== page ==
Scott Martin, Republican Incumbent: Sen. Martin did not respond to The Keystone’s request for comment. He sponsored a bill to promote the use of telemedicine, which would improve access to health care in rural areas, but the bill was later amended to include a measure that would have reduced access to medical abortion for rural Pennsylvanians and ultimately vetoed by Gov. Wolf. Martin also voted to implement Medicaid work requirements for Pennsylvanians who rely on the program for insurance coverage, and supported taking away a cash assistance program for disabled adults and survivors of domestic abuse.

Janet Diaz, Democratic Challenger: According to her campaign website, Diaz is working on a plan to help people in Pennsylvania who make too much money to qualify for Medicaid, but can’t afford private insurance. To keep medical costs low, she wants to cap the price of prescription drugs and end surprise hospital billing.

District 15 (Parts of Dauphin and Perry Counties)

John DiSanto, Republican Incumbent: Sen. DiSanto’s campaign supports pro-life legislation that “protects the rights of the unborn,” and voted to prohibit doctors from prescribing an FDA-approved abortion medication. He did support increasing access to telemedicine throughout the state.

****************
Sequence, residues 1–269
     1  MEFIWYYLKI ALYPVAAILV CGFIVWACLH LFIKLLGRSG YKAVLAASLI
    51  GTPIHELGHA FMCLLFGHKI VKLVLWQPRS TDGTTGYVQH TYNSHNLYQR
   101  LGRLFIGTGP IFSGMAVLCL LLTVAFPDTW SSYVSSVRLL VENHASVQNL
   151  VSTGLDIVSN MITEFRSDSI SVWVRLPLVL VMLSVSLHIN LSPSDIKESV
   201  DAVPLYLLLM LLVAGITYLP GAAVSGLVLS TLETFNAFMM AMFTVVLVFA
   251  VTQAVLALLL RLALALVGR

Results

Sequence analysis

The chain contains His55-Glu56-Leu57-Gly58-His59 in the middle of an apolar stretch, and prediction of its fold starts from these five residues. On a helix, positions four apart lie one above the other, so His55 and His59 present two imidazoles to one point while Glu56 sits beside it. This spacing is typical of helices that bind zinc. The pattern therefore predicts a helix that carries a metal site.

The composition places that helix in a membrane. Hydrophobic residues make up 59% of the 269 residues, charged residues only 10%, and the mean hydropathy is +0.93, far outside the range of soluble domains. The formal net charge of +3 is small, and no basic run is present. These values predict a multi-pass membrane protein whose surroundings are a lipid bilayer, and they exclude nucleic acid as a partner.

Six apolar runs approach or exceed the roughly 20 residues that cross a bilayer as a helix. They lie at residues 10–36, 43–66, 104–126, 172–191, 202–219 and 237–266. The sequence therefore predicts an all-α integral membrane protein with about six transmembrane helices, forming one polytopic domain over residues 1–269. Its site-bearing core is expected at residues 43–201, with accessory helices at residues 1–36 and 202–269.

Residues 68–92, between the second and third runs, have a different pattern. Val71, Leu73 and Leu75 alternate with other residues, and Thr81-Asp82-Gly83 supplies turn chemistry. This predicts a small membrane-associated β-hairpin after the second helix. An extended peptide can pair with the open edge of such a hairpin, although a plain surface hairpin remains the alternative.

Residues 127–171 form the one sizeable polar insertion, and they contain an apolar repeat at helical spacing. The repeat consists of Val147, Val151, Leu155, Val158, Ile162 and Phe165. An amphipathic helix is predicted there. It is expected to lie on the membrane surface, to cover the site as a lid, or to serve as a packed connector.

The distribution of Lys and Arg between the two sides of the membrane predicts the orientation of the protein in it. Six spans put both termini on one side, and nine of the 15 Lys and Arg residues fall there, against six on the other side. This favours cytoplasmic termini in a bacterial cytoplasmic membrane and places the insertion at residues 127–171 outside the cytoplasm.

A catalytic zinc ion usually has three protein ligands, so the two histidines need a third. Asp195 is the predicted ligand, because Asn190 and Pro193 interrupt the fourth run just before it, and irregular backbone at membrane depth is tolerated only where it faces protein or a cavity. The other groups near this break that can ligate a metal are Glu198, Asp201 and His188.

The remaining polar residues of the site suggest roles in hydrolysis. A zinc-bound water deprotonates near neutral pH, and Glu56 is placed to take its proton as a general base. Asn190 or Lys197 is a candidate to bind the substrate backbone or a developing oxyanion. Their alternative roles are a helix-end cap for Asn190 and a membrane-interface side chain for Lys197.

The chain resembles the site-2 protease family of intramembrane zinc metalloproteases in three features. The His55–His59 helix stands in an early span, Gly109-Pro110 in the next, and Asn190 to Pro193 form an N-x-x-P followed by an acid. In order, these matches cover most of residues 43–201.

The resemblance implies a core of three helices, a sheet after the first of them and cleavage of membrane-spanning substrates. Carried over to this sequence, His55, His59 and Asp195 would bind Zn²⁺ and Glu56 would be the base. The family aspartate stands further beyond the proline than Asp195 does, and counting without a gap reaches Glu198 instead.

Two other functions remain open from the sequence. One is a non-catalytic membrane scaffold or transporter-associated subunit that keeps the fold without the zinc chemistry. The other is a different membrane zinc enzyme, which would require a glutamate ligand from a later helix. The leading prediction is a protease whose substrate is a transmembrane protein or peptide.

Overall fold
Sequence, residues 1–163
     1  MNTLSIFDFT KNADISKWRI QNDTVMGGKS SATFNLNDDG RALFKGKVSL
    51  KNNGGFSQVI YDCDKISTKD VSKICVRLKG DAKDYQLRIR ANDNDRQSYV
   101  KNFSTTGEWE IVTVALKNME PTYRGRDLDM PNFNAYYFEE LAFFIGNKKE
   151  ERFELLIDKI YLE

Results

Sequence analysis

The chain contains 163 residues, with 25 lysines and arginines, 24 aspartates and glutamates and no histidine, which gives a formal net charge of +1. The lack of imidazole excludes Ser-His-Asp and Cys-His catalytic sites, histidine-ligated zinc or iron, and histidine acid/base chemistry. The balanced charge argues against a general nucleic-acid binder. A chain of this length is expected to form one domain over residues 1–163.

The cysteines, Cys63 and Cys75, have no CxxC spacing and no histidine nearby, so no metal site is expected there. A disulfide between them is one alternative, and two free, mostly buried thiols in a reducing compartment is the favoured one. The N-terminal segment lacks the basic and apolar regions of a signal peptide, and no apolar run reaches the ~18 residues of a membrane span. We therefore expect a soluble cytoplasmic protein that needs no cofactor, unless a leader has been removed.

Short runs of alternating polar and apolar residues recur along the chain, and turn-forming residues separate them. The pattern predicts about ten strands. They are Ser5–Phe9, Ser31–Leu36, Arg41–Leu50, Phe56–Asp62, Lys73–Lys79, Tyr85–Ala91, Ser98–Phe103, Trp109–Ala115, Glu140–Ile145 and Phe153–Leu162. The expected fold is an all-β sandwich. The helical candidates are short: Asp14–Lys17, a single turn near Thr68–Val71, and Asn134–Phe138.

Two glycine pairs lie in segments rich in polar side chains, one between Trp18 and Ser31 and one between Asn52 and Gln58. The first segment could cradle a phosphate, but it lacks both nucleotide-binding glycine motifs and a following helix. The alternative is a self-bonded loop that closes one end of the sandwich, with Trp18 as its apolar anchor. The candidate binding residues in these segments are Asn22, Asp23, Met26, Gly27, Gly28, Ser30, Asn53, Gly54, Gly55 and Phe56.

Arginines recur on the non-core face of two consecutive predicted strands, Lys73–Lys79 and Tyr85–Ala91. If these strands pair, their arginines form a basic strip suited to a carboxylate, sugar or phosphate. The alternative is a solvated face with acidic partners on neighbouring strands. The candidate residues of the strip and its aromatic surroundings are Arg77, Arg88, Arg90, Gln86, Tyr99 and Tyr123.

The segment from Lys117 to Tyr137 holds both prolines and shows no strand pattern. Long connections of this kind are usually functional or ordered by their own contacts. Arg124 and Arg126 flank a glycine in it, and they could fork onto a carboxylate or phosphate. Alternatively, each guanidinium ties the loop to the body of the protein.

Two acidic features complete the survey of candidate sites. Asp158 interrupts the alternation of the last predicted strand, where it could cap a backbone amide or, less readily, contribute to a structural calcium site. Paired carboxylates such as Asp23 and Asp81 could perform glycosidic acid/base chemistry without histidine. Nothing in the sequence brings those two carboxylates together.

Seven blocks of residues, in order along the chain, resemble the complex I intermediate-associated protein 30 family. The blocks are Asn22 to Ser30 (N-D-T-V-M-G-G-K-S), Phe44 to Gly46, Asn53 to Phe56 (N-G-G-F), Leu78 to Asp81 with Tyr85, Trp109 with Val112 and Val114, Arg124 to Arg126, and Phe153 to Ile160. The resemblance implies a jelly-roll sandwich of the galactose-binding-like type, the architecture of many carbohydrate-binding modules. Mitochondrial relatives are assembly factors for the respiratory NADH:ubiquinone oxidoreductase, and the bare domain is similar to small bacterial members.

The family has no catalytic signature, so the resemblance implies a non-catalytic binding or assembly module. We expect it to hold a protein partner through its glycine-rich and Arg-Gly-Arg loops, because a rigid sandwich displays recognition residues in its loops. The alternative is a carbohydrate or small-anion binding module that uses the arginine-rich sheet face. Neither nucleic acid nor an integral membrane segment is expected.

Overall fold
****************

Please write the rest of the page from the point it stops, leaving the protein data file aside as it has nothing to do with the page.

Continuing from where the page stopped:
George Scott, Democratic Challenger: If elected, Scott’s campaign promises to ensure that “quality health care is affordable and accessible for all Pennsylvanians.” He promises to protect people with pre-existing conditions and reduce the cost of prescription medications.

“In the wealthiest nation on earth,” Scott told The Keystone via email, “no one should have to choose between paying their medical bills and paying for their mortgage, rent, or utilities. No one should have to skip treatment in order to afford groceries. And no one should have to cut their pills in half in order to make ends meet.”